You can file this story under the "stupid things done on social media" category after a woman who decided to live stream herself drink-driving resulted in being arrested. The woman, identified as 23-year-old Whitney Beall, filmed an 11-minute live feed on Twitter's Periscope app as she drove around Florida's North Lakeland area despite being "so f**king drunk".

Beall, who titled the clip "Drunk girl driving", broadcast herself to the public in an intoxicated state driving her Toyota and telling viewers things like: "I'm (expletive) drunk and this is horrible. I don't even know where the next gas station is. This is horrible guys."

Many viewers, who are able to post live comments on the platform, were telling Beall to pull over and stop driving but they were ignored. Beall told everyone she had a flat tyre and was driving around the North Lakeland area, which was used by concerned viewers to inform police and eventually led to her arrest.

One caller told a dispatcher: "She's really drunk. She just hit something. She might be driving with a flat tyre. She's in a Toyota."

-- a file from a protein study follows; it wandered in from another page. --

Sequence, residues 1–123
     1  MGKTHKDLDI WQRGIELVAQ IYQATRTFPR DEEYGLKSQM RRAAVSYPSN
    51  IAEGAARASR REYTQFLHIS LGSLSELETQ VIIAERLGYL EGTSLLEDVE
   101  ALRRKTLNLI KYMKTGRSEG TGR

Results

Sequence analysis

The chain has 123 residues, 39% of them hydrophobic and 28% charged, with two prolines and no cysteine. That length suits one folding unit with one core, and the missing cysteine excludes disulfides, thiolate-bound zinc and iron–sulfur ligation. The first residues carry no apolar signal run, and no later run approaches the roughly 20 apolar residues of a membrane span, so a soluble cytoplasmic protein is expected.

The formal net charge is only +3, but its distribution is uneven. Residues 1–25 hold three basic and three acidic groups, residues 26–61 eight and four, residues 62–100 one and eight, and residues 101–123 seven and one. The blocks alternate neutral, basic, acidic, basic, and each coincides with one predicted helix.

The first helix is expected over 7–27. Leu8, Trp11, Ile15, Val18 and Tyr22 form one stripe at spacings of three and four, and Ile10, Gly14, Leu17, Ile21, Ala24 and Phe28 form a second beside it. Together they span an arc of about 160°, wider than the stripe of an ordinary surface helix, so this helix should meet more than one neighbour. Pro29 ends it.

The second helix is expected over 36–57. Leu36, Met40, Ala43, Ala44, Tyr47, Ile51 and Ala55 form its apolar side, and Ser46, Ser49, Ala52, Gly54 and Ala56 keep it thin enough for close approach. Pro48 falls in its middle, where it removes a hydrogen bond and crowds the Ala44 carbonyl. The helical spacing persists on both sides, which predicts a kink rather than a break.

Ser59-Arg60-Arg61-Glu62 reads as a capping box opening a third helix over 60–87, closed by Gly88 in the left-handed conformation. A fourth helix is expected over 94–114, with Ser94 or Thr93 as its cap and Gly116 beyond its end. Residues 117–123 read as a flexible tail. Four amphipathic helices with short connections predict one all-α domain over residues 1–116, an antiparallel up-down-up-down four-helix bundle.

'Drunk girl driving' Periscope feed used by police officers

Lakeland Police doesn't allow officers access to Periscope and it has been reported that most didn't even know what it was, however, one tech-savvy officer did and decided to open a personal account in order to watch the video and identify landmarks to pinpoint Beall's location.

According to news site WTSP: "Officers witnessed her hit the curb with the right front tyre just as they initiated a traffic stop. They said Beall didn't even brake after striking the curb... they smelled the odour of an alcoholic beverage emanating from Beall, her speech was slow; her eyes were bloodshot and glossy. She also appeared to be disoriented."

Unsurprisingly Beall failed a breathalyser test and was swiftly arrested.

While this was a reckless and stupid act that will have many tutting at social media's influence, if it wasn't for the use of Periscope police officers may not have caught Beall before something more serious happened, at all. It has also raised awareness among the Lakeland Police Department of the social media platform and emerging technology and is now training its officers to use the service to help prevent further criminal acts.